Infernophonic is the brainchild of Kevin Bolembach, former bassist for the New Jersey doom-rock band Non-Fiction, who was looking for an outlet for his 70's style influences. 'Spark It Up' is the first result of his endeavors. He recruited some regional talent to round out his band including an outstanding guitarist, Pat Piegari from New York City-based Lourds. But the real gold ring and show stopper in this crew is vocalist Elaine Tuttle. Think Ann Wilson or Pat Benatar but with much more guts and groove. Groove is another great adjective to describe Infernophonic's brand of melodic hard rock. There is positively more groove and funk in the bass line of many songs than the Red Hot Chili Peppers could muster on a good day.
As for the songs, I menteioned before that this is melodic rock with a strong funk/groove motif. You will find this especially on 'Anyone Else,' 'Take Aim,' 'Invisible Slaves,' and 'Hear Me' among others. I found this music higly enjoyable, but in the end somewhat reptitious. The best stuff comes when Infernophonic delivers melodic hard rock with strong guitar work. This happens on 'Say Watcha Mean,' Middle Of The Road,' 'We Don't Need It,' and 'Yeah Yeah Yeah.' On these songs, there is some amazing fret work by Piegari. But the true highlight throughout is Ms. Tuttle's strong and enthusiasitc vocal performance. She truly shines on 'Anyone Else,' 'Middle Of The Road,' and 'Eye Of The Jedi.' The last number is quite unique within the entire work because it mixes effectively melodic rock with funk and hip hop styles. There were some dull moments on the album. Both 'Thank You' and 'Invisible Slaves' were tedious songs which made me want to hit the skip button almost immediately.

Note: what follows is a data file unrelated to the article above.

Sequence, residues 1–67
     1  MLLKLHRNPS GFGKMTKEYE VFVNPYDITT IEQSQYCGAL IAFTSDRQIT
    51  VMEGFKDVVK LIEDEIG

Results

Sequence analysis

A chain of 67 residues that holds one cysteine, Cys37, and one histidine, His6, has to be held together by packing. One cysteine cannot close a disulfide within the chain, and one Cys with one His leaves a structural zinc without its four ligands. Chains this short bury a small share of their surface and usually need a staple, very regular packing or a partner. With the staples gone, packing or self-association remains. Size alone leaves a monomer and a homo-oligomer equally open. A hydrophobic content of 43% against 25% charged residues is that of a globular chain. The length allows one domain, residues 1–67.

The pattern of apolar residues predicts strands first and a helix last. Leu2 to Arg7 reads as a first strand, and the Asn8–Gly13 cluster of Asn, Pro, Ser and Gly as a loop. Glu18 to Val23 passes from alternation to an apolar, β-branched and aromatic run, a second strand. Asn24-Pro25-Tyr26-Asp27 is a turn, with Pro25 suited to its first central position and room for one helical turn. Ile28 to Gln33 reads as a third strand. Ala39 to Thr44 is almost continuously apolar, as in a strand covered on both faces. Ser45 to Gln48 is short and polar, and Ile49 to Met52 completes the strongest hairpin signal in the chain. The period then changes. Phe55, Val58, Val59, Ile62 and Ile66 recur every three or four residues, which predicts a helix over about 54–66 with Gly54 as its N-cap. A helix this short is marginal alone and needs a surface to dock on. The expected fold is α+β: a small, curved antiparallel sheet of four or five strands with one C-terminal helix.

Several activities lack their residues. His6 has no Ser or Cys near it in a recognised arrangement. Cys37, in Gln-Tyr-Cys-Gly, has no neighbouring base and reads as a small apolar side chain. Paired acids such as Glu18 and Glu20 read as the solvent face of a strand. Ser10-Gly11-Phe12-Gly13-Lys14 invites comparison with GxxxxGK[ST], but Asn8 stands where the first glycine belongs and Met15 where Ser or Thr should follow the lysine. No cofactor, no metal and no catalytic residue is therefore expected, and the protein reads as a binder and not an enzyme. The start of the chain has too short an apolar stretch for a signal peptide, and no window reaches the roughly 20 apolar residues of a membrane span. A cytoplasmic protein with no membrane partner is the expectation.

Overall, Infernophonic's 'Spark It Up' is a rare gem to find within the bleak caves of modern American rock. With a few exceptions, it's filled with great and creative rock and roll. It will keep you listening and wanting more. Very recommended!
- Craig Hartranft
Infernophonic's 'Spark It Up' is a rare gem to find within the bleak caves of modern American rock. With a few exceptions, it's filled with great and creative rock and roll. A fine effort!
The first incarnation of First Signal featured significant vocalist Harry Hess (Harem Scarem, many others) and the multi-talent musician and producer Dennis Ward. Eerie echoes of the Harem Scarem sound permeated the self-titled album, and fans ate it up. Now Frontiers ... [ Read More ]